High Plains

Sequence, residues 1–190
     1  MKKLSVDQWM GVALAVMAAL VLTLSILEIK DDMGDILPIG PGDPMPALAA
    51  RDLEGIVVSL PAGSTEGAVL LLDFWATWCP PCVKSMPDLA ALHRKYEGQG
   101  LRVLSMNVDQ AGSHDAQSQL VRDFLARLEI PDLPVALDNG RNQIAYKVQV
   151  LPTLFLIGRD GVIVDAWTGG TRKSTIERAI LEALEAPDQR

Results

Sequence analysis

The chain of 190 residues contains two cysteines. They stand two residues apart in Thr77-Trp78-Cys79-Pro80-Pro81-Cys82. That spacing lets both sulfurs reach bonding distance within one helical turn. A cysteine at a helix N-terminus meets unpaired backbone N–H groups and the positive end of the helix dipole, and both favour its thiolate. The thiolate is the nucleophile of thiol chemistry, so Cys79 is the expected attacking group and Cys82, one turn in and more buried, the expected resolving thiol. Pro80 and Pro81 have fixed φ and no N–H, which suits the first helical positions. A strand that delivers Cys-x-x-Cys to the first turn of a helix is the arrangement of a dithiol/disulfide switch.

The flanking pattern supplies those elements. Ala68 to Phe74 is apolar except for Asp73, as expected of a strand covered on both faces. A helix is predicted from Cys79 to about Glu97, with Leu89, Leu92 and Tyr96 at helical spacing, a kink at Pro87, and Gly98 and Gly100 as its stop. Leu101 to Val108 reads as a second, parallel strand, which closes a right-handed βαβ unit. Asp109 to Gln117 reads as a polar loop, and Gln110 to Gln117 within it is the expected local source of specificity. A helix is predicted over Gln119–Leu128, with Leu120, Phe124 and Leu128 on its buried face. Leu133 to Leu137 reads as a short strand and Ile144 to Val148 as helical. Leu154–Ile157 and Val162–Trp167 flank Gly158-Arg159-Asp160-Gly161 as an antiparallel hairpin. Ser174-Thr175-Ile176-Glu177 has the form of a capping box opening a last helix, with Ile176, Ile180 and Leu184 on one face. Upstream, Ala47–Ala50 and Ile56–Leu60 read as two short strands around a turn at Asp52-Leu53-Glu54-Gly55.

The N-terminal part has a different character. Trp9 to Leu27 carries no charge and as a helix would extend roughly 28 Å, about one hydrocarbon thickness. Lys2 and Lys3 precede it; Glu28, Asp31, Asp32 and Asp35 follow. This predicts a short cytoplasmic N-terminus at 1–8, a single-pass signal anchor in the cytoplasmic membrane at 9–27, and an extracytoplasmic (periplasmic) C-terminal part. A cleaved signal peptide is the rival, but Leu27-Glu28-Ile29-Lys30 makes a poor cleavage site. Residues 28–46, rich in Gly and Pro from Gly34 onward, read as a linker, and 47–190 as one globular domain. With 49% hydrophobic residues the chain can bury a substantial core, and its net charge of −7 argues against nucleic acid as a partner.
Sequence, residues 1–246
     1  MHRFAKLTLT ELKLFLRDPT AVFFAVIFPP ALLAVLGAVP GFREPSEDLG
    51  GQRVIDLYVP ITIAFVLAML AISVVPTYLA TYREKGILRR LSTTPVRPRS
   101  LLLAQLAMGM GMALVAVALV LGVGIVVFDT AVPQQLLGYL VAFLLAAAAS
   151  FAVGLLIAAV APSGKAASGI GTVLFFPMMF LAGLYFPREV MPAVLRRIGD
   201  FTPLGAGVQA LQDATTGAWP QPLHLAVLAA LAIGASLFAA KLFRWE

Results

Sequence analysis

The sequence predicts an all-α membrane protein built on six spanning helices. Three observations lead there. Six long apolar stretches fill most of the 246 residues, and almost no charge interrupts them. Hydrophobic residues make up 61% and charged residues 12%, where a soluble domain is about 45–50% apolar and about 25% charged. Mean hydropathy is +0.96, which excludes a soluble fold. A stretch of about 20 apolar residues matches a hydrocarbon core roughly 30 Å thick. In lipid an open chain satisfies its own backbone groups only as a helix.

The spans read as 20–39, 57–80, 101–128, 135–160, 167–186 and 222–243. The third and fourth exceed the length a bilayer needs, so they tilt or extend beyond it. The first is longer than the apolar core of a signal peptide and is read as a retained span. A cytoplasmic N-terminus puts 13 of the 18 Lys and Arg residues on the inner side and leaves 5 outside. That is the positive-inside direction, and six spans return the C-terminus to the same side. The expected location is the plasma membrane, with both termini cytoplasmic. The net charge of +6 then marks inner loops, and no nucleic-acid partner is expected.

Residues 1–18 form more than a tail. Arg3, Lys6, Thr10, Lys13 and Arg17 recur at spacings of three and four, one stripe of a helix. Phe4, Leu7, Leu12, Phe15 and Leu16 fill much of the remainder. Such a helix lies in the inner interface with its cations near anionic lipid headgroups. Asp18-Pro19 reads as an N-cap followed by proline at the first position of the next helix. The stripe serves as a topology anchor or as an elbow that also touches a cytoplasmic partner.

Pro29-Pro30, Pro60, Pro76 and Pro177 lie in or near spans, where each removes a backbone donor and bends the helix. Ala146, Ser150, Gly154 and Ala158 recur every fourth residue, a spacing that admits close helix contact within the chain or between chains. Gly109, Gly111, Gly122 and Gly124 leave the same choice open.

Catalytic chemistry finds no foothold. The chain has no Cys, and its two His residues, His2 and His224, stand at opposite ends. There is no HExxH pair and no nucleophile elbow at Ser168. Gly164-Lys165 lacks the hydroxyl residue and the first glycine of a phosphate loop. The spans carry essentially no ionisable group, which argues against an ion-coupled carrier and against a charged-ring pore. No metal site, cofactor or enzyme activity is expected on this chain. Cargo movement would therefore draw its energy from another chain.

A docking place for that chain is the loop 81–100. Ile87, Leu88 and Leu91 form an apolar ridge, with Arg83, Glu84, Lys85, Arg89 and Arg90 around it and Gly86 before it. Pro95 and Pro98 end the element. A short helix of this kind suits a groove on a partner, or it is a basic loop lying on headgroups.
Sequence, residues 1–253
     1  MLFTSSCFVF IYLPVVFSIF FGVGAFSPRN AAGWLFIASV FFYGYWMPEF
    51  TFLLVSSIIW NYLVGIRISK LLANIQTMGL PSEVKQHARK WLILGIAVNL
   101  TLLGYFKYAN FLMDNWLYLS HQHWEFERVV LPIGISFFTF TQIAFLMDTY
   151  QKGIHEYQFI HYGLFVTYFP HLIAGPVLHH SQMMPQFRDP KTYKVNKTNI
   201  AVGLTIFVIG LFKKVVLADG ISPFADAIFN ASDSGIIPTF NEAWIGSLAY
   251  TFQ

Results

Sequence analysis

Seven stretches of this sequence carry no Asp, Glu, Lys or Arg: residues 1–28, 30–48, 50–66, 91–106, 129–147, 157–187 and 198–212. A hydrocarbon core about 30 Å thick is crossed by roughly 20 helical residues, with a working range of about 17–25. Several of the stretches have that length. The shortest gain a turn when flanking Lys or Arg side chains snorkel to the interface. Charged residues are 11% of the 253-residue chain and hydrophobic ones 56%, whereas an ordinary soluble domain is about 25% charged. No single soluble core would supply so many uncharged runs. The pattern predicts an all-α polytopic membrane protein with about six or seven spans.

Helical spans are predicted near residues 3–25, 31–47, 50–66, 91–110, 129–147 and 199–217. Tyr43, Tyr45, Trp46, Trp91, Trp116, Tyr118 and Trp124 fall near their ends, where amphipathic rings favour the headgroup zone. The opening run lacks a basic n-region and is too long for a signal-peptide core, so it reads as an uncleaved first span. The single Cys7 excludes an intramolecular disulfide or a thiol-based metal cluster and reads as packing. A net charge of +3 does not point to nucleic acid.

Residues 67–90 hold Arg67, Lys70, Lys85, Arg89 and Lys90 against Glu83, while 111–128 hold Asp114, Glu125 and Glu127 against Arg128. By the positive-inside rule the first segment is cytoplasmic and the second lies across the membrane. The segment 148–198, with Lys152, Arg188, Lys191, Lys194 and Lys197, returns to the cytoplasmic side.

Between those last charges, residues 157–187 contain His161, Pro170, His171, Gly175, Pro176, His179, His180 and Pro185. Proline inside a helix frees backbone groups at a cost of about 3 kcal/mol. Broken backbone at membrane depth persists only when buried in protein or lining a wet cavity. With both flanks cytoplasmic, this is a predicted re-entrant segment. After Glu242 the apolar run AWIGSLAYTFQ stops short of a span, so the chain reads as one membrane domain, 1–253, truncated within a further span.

An inch or more of precipitation was reported at stations in eastern Nebraska and a few stations in western Wyoming and the Colorado Rockies. Amounts dropped off to the north and south, with many stations in the Dakotas and Kansas measuring no precipitation for the week. D0 contracted in eastern Nebraska and southeastern South Dakota, and D2 was trimmed in western South Dakota, but D0 expanded in northeastern South Dakota and eastern North Dakota, D1 from Oklahoma crept into southeastern Kansas, and D2 from New Mexico pushed into southern Colorado. As relayed by the NDMC, agricultural impacts from the drought are being felt in Utah, Kansas, and Oklahoma and include decreasing hay and soybean yields, deteriorating wheat and grazing conditions, and decreasing water supplies — ponds and wells going dry. Some of these effects started from moisture deficits dating back to summer 2017…